Social Cons vs. National Review
A coalition of social conservatives thinks that the eggheads over at right-wing mothership National Review are shilling for Mitt Romney–and that it just ain't right:
Twenty-two conservative activist leaders will publicly release a letter this week challenging the conservative magazine National Review's "puff work" for presidential candidate Mitt Romney and implying that the magazine is quietly abandoning the social conservative grassroots and constitutionalism. The editors refuse even to acknowledge receipt of the letter, which cites information about which they've misled their readers, most strikingly:
- Romney's stance and record after his "awakening" are not pro-life.
- The Massachusetts Constitution says the people are bound only by laws ratified by the legislature; and only the legislature can suspend or alter laws. Blaming judges who admit they cannot create laws and have no authority over the legislature or governor, Romney unconstitutionally ordered officials to act as if judges legalized homosexual "marriage."
However, I'd say it blunts the sense of their wrath at NR just a leeeetle bit that the very first thing the press release quotes to buttress the point that true-blue (true-red?) righties should deny Mitt three times and more is an article from NR's own website, the supposed Romney ass-kissers:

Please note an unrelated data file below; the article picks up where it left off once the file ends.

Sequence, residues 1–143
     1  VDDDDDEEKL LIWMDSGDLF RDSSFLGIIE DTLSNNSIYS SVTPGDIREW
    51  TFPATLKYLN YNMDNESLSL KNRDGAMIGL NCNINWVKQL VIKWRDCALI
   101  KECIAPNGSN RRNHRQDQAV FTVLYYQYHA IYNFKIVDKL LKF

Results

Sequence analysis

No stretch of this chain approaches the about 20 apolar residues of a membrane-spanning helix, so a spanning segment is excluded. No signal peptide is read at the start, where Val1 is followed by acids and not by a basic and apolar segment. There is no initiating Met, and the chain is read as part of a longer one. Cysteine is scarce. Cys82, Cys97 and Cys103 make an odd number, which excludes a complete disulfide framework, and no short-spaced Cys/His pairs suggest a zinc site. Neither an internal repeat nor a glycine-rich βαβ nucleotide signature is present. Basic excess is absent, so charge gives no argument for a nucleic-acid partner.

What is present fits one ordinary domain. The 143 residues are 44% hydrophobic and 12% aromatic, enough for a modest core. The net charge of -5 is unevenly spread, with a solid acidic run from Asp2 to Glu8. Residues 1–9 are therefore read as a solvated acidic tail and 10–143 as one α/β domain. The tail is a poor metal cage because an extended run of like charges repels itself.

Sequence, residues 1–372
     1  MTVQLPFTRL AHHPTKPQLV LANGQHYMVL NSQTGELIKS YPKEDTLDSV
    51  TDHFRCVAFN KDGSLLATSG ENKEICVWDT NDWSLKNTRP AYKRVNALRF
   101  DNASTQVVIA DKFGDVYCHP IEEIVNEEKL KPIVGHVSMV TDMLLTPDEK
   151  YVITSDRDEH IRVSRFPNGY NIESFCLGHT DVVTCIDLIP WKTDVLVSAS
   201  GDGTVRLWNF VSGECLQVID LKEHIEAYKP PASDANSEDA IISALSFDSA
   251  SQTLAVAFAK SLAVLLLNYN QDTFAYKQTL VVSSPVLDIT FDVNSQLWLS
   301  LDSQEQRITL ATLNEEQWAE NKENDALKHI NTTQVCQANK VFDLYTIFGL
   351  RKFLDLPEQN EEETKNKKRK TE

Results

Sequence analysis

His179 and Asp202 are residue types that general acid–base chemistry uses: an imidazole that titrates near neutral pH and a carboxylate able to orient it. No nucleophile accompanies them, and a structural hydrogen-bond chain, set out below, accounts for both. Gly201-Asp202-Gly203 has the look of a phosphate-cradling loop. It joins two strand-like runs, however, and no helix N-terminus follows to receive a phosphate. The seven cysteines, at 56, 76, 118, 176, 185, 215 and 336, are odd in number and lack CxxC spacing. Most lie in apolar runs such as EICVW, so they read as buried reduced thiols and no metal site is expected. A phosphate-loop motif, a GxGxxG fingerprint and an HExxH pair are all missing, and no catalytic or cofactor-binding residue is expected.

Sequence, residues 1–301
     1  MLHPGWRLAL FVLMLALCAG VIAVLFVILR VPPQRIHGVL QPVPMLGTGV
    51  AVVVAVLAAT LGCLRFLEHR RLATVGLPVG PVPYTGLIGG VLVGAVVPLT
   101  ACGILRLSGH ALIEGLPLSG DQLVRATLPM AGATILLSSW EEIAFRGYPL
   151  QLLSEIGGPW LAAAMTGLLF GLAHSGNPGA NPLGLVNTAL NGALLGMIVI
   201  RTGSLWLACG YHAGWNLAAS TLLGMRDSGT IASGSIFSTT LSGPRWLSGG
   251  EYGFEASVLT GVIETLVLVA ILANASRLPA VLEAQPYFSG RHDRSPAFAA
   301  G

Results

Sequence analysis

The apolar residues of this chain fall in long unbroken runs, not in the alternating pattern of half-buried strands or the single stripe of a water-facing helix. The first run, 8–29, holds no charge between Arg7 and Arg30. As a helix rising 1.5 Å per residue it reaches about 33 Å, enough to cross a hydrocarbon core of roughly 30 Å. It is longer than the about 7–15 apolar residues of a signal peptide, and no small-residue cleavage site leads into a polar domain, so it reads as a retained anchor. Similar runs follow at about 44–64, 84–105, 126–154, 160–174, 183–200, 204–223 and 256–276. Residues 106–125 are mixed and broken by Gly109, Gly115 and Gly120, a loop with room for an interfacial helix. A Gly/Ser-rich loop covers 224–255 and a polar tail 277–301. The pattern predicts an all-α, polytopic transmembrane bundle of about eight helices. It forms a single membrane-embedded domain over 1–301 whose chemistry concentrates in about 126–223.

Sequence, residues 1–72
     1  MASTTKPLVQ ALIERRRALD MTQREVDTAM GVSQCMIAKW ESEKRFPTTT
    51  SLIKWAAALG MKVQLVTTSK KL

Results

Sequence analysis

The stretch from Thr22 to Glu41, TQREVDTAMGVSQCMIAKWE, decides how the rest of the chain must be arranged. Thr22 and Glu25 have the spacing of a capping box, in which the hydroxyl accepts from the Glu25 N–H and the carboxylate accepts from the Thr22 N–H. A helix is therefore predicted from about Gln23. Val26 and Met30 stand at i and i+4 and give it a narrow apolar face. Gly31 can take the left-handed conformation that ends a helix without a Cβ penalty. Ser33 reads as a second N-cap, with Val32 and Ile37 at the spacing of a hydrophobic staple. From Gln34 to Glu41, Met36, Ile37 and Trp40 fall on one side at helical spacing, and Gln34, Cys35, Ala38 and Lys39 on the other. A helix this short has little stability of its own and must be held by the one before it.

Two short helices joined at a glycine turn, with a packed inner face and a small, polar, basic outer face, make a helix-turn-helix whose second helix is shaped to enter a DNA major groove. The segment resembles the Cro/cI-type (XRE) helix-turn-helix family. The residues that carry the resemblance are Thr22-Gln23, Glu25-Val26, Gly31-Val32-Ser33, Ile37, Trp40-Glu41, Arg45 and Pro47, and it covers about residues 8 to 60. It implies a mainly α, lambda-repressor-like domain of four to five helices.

John Haskins of the Parents' Rights Coalition notes NR's glaring refusal to face the implications of a devastating article (May, 2004, National Review) by a leading legal scholar, illuminating why fawning, pro-establishment attorneys such as Jay Sekulow, radio lawyer Hugh Hewitt, and (an NR pro-Romney blogger) David French have facilitated Romney's unconstitutional actions:
"The deeper failure must go to the man who stood as governor, holding the levers of the executive. And if it is countdown for marriage…it is countdown also for Mitt Romney, whose political demise may be measured along the scale of moves he could have taken and the record of his receding, step by step… [I]t became clear that even conservative lawyers had come to incorporate, and accept, the premises that gave to the courts a position of supremacy in our constitutional schemes."
The Missing Governor (National Review Online May 17, 2004)
— Hadley Arkes, Professor of Jurisprudence, Amherst College
I fully support all conservatives rising up in righteous indignation about the flaws of all the GOP front-runners. Keep it up!